|Sir Lawrence Alma-Tadema|
This is Our Corner (Portrait of Laurense and Anna Alma-Tadema), 1873
22¼ X 18½ in.
oil on wood
“If you are alone you belong entirely to yourself. If you are accompanied by even one companion you belong only half to yourself or even less in proportion to the thoughtlessness of his conduct and if you have more than one companion you will fall more deeply into the same plight.” ~ Leonardo da Vinci
The above quote has often been used as a justification as to why Leonardo da Vinci never had children (suppositions about his sexual orientation placed aside). I have heard a similar quote attributed to Leonardo which, paraphrased, states, ""If you wish to be an artist, do not have children. If you have one child, you will be half an artist; two or more, and you will be no artist at all."
As a parent of three young boys, I constantly worry about my role of parent to my actual children, and my symbolic role of parent to my creations (i.e. my paintings). Both groups need a lot of attention from me, and the balancing act between the two requires a constant vigilance; it is easy to favor one side over the other (my boys are the typical winners - it's no coincidence that this blog started right around the birth of my second child, and that my easel began gathering dust between visits to the studio at about the same time).
I worry constantly about the message I am sending my children. Like my own parents, my wife and I have made sacrifices in our careers for our children. Children of creatives are often creative themselves - the many children of N.C. Wyeth, who became either artists, or scientists and inventors, are a good example of this - and we hope that, should our boys wish to pursue the arts, that they will not feel at any time that they must give up their dreams. Yet, in many ways, that is the example we are providing them (neither my wife nor I ended up doing exactly what we had wanted in the arts). If we did not make those sacrifices, however, would we be isolating ourselves to the company of our muses, and thus making ourselves unavailable to our kids?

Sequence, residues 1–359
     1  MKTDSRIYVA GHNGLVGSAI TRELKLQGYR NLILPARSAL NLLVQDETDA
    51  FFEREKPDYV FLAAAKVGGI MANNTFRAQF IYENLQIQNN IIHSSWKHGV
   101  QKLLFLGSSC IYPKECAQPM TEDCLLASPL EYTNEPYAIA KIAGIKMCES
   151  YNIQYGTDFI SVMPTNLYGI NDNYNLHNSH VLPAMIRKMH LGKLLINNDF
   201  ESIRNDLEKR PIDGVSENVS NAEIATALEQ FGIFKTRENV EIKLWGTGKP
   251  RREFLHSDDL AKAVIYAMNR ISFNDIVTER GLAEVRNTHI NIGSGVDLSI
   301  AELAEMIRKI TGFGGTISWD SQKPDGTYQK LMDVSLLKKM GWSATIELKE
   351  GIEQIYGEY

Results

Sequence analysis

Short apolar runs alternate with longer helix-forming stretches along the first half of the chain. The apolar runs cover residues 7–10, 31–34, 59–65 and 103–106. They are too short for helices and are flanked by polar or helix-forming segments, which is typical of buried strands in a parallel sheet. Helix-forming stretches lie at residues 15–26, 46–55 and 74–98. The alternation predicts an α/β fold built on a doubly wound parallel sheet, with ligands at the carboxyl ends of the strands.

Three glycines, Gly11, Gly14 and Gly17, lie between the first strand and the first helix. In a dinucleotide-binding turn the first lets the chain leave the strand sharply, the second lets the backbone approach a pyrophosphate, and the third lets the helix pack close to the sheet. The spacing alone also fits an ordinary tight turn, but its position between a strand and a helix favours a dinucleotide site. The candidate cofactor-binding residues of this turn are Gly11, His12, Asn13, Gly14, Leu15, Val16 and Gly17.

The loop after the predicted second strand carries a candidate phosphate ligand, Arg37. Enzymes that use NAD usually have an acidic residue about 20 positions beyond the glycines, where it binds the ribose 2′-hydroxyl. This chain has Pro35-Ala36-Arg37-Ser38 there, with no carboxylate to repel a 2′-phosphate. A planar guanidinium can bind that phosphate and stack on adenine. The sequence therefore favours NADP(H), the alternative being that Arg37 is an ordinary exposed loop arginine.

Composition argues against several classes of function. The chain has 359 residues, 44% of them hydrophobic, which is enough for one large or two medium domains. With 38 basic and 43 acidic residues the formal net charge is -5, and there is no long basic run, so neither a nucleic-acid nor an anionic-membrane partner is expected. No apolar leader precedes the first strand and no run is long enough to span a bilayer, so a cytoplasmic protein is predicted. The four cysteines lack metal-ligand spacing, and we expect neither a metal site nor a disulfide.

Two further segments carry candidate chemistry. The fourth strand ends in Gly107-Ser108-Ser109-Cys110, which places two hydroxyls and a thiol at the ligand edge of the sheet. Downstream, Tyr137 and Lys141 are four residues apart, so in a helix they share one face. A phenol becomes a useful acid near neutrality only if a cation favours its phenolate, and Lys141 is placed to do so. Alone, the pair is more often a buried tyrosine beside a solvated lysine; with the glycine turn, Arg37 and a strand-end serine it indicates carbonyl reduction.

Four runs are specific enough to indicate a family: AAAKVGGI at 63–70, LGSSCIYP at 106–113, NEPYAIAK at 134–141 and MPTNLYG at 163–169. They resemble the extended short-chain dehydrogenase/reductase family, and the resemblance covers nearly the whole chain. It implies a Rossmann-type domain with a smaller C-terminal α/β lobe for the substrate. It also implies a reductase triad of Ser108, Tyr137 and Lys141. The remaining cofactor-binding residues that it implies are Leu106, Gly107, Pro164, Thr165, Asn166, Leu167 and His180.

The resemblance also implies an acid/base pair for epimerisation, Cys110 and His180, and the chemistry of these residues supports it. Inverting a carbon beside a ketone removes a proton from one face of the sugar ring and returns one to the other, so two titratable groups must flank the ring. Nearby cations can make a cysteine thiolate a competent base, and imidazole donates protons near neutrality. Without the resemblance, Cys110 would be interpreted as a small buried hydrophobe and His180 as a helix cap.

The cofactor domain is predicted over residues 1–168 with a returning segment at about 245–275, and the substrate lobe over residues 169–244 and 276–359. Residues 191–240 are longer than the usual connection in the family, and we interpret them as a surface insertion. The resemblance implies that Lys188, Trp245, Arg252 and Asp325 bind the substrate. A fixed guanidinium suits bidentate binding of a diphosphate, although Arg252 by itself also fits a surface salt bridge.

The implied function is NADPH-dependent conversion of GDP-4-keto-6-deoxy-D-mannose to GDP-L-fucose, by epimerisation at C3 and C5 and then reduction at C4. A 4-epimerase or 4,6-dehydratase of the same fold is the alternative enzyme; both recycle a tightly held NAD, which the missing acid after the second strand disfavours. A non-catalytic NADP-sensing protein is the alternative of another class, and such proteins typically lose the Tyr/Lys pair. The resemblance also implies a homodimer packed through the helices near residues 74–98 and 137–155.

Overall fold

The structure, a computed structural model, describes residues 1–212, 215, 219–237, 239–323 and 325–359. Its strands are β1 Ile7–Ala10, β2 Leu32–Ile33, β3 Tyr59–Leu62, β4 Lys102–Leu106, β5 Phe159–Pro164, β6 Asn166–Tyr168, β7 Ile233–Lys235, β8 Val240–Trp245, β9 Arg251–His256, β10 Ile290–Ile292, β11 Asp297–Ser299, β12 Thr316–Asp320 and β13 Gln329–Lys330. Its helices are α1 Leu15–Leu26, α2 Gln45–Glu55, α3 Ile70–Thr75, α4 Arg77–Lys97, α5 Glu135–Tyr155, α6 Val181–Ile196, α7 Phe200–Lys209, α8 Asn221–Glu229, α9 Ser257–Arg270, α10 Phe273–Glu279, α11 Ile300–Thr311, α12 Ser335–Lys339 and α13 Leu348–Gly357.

This circular argument has made me respect both the artists who choose to be parents at a certain risk to their art, and those who chose not to be parents because they fear they could not fit that role adequately while remaining an artist. It is a struggle either way.
|A rare photograph of Laurence Alma-Tadema.|
In most pictures she is overshadowed by her father's presence.
Because of this subject, Laurence (née Laurense) Alma-Tadema (1865-1940) has been on mind lately. She was an English playwright, poet, novelist, and lecturer in the late 19th and early 20th centuries, and if her name sounds familiar, it is because she was the eldest child of her more famous artist-father, Sir Lawrence Alma-Tadema. Laurence's 1897 poem, "If No One Ever Marries Me," is likely her most well-known work, having been set to music several times, most recently by Natalie Merchant on her album, "Leave Your Sleep."
If no one ever marries me,—
And I don’t see why they should,
For nurse says I’m not pretty,
And I’m seldom very good—
If no one ever marries me
I shan’t mind very much;
I shall buy a squirrel in a cage,
And a little rabbit-hutch:
I shall have a cottage near a wood,
And a pony all my own,
And a little lamb quite clean and tame,
That I can take to town:
And when I’m getting really old,—
At twenty-eight or nine—
I shall buy a little orphan-girl
And bring her up as mine.
Laurence never did marry, nor have children, adopted or otherwise (neither did her younger sister, painter Anna Alma-Tadema). She enjoyed a successful writing career, and was active in her community, having a theatre constructed in Kent which she named the "Hall of Happy Hours," where children could learn handicrafts, and villagers could attend concerts and plays.¹ I sometimes wonder, however, what lessons she learned from her father (and her stepmother, artist Lady Laura Alma-Tadema), and if Laurence never married or had issue as an unfortunate outcome of the dynamics within her childhood home, or if it was a deliberate act by a woman who wanted nothing to come between her and her muse.
¹ Merchant, Natalie, Leave Your Sleep Digital Booklet, (Nonesuch Records, New York, 2010), pp. 28-29.